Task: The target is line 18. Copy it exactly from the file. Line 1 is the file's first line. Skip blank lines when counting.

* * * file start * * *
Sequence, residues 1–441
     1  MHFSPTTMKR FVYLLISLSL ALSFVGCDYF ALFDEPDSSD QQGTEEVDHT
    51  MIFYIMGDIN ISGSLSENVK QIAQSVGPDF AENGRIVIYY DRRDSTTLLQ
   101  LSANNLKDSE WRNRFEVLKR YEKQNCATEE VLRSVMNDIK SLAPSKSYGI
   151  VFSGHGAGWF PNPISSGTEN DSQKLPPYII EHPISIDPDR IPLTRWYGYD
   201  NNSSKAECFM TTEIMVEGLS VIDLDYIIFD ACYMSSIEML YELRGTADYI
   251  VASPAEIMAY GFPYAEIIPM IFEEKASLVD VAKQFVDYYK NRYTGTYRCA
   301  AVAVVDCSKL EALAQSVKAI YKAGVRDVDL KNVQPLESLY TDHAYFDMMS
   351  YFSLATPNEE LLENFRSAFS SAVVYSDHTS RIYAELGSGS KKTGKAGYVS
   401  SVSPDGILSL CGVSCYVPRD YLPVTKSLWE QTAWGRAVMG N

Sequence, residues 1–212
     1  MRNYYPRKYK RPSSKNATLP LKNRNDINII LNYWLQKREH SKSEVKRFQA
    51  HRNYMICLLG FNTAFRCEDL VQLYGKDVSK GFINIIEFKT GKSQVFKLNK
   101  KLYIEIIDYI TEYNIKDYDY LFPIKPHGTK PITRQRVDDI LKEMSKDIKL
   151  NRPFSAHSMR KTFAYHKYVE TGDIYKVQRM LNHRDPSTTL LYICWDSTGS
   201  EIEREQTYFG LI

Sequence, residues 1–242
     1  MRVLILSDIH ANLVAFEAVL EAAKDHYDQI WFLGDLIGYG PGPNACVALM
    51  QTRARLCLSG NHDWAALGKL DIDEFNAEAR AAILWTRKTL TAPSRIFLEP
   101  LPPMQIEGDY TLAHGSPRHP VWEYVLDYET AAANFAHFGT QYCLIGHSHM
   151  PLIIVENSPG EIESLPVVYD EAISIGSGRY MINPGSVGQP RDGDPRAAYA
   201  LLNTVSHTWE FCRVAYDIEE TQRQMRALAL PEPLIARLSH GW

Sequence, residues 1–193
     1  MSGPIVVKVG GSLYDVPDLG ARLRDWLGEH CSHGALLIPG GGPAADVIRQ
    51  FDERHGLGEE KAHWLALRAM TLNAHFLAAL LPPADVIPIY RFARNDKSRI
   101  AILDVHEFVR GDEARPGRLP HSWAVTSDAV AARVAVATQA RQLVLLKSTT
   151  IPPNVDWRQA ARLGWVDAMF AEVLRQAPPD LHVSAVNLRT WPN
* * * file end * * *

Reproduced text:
     1  MRVLILSDIH ANLVAFEAVL EAAKDHYDQI WFLGDLIGYG PGPNACVALM